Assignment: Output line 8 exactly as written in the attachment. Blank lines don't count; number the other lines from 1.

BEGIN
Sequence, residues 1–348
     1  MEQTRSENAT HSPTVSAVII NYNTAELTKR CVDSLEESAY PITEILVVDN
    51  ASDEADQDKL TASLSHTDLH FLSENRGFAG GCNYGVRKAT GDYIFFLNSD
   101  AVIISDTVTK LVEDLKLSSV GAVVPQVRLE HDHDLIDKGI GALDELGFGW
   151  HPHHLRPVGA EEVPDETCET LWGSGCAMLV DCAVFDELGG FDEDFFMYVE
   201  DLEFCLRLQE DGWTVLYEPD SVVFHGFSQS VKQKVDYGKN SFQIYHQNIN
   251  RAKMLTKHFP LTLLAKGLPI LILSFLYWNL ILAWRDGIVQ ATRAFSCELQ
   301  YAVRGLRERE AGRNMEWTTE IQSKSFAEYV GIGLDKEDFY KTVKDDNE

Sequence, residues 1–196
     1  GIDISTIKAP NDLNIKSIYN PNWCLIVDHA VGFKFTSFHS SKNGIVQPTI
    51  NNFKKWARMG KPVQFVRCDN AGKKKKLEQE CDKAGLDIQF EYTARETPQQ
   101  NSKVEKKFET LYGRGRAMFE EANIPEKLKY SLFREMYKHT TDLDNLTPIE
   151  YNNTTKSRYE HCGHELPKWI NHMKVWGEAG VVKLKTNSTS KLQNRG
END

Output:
   301  YAVRGLRERE AGRNMEWTTE IQSKSFAEYV GIGLDKEDFY KTVKDDNE